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When the Nebraska State Legislature debated making cuts in the State Budget to the University of Nebraska system, Don Walton, responded by writing an opinion column in the Lincoln Journal Star newspaper. In his article, he described certain opponents of the budgetary cuts as arguing that the cuts would be “draconian and deeply damaging both to the university and to the state, a cut so deep that it would reverse the university’s upward trajectory and leave permanent scar tissue.” To be sure, I have received e-mails which echo similar sentiments. Therefore, I would like to set the record straight about the budgetary cuts which have been made to the University of Nebraska system.
The University of Nebraska system began the year with a budget of $583 million. The colleges took a mid-year cut of $13 million. The final budget passed by the Nebraska State Legislature carved out another $10 million in cuts. Then, the Governor’s line item veto took another $5.8 million away from the Universities, but spread it out over two years. So, the University of Nebraska system took a total of $26 million in cuts this year.
Last Thursday the Regents of the University of Nebraska approved budgetary cuts estimated at $30 million, which was enough to cover all of these budgetary cuts. At the same time they approved a 5.4 percent tuition increase for the 2017-2018 school year, and another 3.2 percent tuition increase for the 2018-2019 school year.
So, why did the Regents approve these tuition rate hikes? One reason for the tuition rate hikes was to pay for the salary raises approved for the administrators of these schools. For instance, University of Nebraska President, Hank Bounds, received a 6.3 percent salary increase last September, raising his salary from $480,000 to $510,000. Meanwhile, the chancellors each received three percent increases in their salaries. Finally, Hank Bounds’ most recent proposal included a 1.75 percent increase in the NU salary pool for faculty, with increases based upon merit.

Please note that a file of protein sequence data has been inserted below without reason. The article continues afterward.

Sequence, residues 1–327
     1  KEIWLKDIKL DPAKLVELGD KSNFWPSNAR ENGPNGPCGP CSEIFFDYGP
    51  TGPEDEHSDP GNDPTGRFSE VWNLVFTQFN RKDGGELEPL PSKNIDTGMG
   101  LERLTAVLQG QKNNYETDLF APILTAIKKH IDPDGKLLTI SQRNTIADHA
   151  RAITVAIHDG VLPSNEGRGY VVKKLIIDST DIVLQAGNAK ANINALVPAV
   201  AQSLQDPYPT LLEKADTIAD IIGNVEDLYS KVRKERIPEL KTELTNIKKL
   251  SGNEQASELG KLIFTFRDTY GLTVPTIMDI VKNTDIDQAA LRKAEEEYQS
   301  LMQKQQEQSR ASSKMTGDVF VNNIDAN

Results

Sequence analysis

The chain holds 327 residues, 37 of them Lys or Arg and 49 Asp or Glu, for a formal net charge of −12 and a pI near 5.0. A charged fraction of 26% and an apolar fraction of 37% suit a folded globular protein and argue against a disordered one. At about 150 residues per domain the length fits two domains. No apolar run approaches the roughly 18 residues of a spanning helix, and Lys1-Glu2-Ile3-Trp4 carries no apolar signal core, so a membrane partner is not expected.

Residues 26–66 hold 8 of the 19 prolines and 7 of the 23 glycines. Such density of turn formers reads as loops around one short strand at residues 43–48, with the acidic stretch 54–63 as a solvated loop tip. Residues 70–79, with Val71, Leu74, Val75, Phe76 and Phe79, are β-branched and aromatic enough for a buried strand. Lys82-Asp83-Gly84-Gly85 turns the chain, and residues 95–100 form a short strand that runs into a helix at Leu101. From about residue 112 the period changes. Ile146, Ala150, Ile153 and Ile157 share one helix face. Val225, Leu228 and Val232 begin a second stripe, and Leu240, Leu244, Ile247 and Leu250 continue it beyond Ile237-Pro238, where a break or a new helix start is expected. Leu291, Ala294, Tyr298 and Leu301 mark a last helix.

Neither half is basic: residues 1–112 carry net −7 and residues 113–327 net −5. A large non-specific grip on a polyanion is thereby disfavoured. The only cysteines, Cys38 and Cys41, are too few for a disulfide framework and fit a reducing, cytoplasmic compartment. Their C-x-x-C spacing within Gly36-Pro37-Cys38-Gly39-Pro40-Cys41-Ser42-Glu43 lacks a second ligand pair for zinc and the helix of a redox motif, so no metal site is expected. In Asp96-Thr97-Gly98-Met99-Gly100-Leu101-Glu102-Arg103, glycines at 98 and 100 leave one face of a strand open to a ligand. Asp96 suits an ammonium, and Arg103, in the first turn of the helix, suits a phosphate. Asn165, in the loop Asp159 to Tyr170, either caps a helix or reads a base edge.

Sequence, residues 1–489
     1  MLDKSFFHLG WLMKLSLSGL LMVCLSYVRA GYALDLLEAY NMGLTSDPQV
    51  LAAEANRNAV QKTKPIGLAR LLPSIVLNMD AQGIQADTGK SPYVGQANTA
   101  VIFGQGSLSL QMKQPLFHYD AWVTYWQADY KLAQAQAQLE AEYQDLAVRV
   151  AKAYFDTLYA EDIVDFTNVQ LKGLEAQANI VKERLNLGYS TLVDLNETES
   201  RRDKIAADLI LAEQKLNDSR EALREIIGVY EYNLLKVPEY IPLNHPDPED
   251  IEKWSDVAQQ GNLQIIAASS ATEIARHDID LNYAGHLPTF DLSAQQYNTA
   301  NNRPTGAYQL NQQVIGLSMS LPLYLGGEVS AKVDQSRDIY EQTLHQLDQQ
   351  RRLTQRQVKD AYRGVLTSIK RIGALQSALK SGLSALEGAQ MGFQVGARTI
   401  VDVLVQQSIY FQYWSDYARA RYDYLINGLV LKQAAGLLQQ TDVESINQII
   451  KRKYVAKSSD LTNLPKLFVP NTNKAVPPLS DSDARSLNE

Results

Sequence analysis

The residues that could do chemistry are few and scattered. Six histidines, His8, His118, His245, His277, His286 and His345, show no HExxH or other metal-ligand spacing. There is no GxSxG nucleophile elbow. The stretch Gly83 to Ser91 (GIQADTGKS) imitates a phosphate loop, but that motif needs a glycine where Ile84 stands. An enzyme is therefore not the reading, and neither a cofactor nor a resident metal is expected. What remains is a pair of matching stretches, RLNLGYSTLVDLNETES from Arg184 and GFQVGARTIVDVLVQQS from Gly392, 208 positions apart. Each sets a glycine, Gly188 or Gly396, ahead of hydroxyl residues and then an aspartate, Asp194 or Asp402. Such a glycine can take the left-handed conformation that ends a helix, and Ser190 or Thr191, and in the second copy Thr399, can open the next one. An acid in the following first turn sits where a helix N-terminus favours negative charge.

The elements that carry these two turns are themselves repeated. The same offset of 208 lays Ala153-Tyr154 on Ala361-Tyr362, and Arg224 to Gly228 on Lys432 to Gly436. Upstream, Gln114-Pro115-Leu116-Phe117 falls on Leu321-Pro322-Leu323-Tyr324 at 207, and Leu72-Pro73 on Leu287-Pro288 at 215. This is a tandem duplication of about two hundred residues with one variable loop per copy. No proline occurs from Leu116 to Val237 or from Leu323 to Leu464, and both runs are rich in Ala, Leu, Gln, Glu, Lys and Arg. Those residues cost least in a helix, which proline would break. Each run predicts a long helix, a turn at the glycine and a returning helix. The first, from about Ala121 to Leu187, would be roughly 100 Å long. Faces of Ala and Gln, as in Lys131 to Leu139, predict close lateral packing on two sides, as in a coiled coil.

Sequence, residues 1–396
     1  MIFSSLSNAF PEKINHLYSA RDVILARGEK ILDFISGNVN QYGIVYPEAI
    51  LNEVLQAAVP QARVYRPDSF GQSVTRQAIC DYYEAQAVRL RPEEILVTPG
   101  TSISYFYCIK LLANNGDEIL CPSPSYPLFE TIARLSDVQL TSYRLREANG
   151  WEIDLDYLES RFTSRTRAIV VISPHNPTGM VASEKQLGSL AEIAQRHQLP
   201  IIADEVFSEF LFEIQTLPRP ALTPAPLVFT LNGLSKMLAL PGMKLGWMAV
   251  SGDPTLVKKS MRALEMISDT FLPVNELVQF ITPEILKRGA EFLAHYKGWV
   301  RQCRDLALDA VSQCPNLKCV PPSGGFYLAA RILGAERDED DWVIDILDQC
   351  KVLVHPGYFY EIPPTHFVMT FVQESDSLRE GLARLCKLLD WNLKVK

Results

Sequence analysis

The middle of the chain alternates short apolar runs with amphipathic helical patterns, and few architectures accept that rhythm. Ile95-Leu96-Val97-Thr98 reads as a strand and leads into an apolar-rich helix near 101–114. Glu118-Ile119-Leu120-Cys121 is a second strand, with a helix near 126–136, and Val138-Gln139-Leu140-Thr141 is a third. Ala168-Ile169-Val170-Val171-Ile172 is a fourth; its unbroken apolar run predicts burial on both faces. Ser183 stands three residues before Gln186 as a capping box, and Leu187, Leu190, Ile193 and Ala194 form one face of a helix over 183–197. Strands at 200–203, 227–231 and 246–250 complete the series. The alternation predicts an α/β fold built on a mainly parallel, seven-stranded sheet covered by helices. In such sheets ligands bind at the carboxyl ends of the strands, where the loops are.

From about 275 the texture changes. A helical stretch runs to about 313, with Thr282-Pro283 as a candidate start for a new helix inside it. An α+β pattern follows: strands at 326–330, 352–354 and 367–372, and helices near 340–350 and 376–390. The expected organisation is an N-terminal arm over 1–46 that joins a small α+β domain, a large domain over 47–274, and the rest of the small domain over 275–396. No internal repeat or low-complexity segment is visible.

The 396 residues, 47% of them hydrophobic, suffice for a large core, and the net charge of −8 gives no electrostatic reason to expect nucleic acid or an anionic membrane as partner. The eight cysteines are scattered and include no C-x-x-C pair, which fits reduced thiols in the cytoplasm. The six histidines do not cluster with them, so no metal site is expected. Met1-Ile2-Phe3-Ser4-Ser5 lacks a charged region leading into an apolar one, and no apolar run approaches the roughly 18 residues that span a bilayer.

On April 3, 2017 University President, Hank Bounds, said that the Legislature’s proposed budgetary cuts would hurt the University of Nebraska’s ability to attract new students and retain faculty. However, last week he projected enrollment to increase by one percent. President Bounds also vowed to trim more than 100 positions from the University of Nebraska system without eliminating any faculty positions.
The fact of the matter is that the University of Nebraska system has been bloated with an abundance of fat available for trimming. According to Nebraska State Sen. Tom Briese of Albion, the University of Nebraska system has been operating at a rate which is 34 percent higher than the national average for public universities.
The University of Nebraska system has plenty of room to make budgetary cuts without eliminating faculty positions or compromising the integrity of its degree programs. For instance, in the past each college has had its own IT center. However, going forward these IT centers will be consolidated into one center, which will serve the entire University of Nebraska system. Besides information technology, similar kinds of cuts will also be made in human resources, financial operations, and travel.
Although the Board of Regents approved tuition rate increases for each of the schools in the University of Nebraska system, the colleges will remain affordable and competitive. Once these tuition rate hikes go into effect, the University of Nebraska will continue to remain a bargain compared to the other Big Ten universities. By way of comparison, the University of Nebraska will continue to rank within the 40th percentile of Big Ten universities.
It has been my pleasure to serve the people of District 47 this year in the Nebraska State Legislature. Now that the Legislative Session has finally come to a close, I thank you for the opportunity to have represented you. Moreover, I look forward to doing much more to bring relief to your property tax burden.